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Arizona Child Abuse Laws

Child abuse laws criminalize physical, emotional, or sexual abuse of minors and also require certain third parties with knowledge of the abuse to report it to the authorities. In Arizona, professionals with access to children (such as teachers and pediatricians) are required to report suspected cases of child abuse. The Arizona Department of Child Safety investigates reports of child abuse (and neglect) in the state.

The following table touches on the basics of Arizona child abuse law. See Child Abuse Overview to learn more.

Code Section 13-3620, 8-201
What Constitutes Abuse Infliction or allowing of physical injury, impairment of bodily function or disfigurement, serious emotional damage diagnosed by a doctor or psychologist, and as evidenced by severe anxiety, depression, withdrawal, or aggressive behavior caused by acts or omissions of individual having care and custody of child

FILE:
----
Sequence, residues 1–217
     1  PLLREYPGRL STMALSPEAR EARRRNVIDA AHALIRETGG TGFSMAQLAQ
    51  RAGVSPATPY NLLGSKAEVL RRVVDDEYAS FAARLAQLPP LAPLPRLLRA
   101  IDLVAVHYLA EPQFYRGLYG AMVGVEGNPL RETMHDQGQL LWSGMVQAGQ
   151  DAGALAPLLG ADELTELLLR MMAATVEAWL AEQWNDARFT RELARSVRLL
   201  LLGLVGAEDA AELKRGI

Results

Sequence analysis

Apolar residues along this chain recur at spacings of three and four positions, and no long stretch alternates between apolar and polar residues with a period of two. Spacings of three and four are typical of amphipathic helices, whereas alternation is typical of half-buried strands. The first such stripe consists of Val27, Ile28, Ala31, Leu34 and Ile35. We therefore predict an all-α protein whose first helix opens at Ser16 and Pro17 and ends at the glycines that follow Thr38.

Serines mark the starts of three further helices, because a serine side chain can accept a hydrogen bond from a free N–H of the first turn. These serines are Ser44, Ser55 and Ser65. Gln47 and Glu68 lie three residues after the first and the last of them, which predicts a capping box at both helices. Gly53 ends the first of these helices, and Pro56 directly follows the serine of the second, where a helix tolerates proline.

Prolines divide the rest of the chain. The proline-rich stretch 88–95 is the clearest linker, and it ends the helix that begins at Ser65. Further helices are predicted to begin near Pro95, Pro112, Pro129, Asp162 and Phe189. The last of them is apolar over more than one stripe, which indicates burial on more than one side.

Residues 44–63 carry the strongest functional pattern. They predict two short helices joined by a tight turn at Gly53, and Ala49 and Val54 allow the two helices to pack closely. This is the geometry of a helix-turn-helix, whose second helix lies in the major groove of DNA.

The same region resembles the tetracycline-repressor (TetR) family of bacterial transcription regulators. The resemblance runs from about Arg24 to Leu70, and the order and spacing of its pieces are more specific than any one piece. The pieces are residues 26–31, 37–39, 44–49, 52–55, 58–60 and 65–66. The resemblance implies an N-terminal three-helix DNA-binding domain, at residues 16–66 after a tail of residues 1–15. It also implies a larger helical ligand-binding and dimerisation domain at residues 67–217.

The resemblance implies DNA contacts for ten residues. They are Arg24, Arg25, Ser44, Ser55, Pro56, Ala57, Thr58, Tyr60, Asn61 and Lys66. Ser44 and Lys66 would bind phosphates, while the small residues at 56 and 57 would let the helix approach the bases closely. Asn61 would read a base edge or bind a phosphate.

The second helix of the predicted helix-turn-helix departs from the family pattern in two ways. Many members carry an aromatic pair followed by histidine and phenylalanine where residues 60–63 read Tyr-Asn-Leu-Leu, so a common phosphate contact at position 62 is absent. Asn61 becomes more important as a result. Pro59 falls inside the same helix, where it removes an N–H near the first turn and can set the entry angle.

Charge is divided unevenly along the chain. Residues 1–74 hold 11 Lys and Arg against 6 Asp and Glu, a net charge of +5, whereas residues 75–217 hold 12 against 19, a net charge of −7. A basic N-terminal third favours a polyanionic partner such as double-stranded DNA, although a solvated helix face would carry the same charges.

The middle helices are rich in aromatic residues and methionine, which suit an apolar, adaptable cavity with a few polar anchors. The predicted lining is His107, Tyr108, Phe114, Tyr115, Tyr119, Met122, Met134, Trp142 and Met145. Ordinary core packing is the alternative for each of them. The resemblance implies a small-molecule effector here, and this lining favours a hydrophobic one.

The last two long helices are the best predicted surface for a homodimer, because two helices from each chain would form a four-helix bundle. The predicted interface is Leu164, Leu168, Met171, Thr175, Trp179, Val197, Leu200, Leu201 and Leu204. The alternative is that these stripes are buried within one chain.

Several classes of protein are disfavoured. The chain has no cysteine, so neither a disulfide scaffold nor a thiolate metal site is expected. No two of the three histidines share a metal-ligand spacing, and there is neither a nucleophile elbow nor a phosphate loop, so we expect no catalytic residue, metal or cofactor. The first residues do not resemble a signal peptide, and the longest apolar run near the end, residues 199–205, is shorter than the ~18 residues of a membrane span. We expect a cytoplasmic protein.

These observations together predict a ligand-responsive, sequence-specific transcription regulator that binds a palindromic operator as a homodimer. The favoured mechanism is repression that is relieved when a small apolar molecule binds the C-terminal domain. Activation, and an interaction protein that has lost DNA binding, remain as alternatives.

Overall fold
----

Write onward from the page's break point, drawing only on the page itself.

Mandatory Reporting Required By Physician, resident, dentist, chiropractor, medical examiner, nurse, psychologist, social worker, school personnel, peace officer, parent, counselor, clergyman/priest
Basis of Report of Abuse/neglect Observation or examination of child discloses reasonable grounds to believe minor is a victim of injury or abuse
To Whom Reported To peace officer or child protective services of the department of economic security
Penalty for Failure to Report or False Reporting Class 1 misdemeanor

Note: State laws are constantly changing -- contact an Arizona criminal defense attorney or conduct your own legal research to verify the state law(s) you are researching.

Arizona Child Abuse Laws: Related Resources

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